British Academy of Film and Television Arts (BAFTA)
BAFTA was founded in 1947 as The British Film Academy, by David Lean, Alexander Korda, Carol Reed, Charles Laughton, Roger Manvell and others. In 1958, the Academy merged with The Guild of Television Producers and Directors to form The Society of Film and Television, which eventually became The British Academy of Film and Television Arts in 1976. BAFTA's stated charitable remit is to "support, develop and promote the art forms of the moving image, by identifying and rewarding excellence, inspiring practitioners and benefiting the public." In addition to high profile awards ceremonies, BAFTA runs a year-round programme of educational events including film screenings and tribute evenings. BAFTA is supported by a membership of around 6000 people from the film, television and video game industries.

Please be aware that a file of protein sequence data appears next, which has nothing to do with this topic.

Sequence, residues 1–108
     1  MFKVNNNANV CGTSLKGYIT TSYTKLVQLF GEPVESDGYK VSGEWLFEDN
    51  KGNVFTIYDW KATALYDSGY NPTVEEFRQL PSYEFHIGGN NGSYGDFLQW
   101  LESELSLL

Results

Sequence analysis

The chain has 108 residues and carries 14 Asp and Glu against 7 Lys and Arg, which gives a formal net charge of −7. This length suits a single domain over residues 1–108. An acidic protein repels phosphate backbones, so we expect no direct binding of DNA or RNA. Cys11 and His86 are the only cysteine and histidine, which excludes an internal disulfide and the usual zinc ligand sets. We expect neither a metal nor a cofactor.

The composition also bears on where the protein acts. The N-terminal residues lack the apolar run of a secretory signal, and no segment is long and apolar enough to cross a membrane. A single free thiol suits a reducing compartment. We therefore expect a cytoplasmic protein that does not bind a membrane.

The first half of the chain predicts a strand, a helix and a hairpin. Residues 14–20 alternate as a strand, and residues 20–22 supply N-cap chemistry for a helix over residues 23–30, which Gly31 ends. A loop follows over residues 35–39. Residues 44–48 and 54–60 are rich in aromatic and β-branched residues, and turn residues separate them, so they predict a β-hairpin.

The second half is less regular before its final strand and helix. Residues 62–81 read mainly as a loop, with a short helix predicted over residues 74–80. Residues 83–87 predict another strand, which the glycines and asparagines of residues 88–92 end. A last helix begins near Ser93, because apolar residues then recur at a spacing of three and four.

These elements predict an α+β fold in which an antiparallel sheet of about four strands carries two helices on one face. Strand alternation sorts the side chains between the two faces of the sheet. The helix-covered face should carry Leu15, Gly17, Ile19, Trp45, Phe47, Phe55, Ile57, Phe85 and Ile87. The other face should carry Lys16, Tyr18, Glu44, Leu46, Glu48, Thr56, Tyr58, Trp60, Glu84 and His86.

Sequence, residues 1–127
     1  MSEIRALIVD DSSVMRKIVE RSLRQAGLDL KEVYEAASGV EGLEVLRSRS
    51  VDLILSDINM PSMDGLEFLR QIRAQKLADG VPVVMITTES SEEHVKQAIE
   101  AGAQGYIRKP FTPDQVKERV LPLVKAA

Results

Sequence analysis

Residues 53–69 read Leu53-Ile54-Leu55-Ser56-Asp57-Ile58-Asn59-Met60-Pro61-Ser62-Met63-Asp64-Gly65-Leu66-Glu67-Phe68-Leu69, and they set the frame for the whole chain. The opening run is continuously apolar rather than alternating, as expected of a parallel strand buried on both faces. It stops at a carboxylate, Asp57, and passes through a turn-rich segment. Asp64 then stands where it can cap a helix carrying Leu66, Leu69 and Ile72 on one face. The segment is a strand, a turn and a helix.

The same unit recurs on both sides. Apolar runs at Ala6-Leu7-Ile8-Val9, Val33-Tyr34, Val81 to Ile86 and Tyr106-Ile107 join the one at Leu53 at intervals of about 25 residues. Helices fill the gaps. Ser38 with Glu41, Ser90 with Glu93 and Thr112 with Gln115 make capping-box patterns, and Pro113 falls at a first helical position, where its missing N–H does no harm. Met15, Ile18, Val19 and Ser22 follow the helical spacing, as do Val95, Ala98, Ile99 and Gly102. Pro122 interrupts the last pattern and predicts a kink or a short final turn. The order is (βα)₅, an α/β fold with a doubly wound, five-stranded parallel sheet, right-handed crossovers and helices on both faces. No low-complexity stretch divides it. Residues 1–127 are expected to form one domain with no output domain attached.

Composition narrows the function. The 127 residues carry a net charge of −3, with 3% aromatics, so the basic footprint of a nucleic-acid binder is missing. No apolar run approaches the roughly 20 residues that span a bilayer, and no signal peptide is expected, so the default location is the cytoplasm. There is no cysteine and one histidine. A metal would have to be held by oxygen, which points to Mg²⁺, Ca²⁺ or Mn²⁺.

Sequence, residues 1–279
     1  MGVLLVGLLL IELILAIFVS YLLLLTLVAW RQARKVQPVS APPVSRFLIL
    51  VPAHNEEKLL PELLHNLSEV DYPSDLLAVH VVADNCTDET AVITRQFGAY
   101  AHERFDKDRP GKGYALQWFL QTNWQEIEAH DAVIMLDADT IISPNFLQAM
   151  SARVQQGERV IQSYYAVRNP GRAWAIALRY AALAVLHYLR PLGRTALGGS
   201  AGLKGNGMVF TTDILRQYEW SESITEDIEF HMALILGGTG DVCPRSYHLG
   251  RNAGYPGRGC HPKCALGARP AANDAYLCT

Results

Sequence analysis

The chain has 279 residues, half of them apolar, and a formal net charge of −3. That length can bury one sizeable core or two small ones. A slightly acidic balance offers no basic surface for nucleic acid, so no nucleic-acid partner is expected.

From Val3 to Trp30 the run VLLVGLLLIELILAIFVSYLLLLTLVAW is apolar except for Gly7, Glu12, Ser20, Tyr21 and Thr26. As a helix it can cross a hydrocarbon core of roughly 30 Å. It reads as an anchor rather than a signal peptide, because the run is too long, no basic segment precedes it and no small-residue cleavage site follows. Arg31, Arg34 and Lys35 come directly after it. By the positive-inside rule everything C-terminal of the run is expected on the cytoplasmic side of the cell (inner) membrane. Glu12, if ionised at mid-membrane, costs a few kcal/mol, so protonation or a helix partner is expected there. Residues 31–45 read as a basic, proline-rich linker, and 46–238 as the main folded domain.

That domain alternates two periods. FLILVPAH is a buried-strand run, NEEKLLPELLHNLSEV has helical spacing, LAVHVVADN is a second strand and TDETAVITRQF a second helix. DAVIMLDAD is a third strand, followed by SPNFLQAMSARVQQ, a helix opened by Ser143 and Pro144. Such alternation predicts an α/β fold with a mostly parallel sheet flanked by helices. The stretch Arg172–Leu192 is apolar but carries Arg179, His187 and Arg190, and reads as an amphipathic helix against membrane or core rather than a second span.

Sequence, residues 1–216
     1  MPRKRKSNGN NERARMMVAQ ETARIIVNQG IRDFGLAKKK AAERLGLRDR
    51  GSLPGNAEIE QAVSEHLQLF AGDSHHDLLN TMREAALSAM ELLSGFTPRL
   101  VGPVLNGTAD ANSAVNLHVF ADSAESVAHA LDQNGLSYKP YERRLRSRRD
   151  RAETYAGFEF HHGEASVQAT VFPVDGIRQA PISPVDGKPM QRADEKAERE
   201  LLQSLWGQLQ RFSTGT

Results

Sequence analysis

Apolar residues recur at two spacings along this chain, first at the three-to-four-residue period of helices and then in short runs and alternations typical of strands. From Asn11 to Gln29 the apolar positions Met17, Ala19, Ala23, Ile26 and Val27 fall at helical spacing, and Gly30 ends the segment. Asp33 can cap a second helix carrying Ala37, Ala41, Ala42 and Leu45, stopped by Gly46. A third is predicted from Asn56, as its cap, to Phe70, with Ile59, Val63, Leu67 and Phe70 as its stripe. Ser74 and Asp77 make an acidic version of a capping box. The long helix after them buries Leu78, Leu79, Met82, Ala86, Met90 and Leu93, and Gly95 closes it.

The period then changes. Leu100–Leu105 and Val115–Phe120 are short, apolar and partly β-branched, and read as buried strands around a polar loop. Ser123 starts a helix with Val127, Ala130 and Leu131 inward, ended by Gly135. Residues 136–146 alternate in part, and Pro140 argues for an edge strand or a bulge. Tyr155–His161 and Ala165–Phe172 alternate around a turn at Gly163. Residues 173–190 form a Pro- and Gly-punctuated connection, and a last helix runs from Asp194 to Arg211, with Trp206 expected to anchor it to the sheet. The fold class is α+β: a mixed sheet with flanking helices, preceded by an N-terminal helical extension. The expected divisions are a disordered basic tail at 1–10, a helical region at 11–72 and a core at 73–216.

When her loving soldier father dies in combat during Spain's civil war, young Ofelia (Baquero) is stuck with Captain Vidal (Lopez), a brute of a stepfather, when her mother, Carmen (Gil), remarries. Ofelia sees an escape from her miserable situation when she stumbles upon a garden labyrinth that leads to ... more
Recounts the dramatic 36 days of battle on Iwo Jima that began in February 1945, as told from the Japanese viewpoint. Serves as a companion to director Eastwood's "Flags of Our Fathers." Facing a completely lopsided confrontation, the 22,000 Japanese military men kept about 110,000 American troops in combat far ... more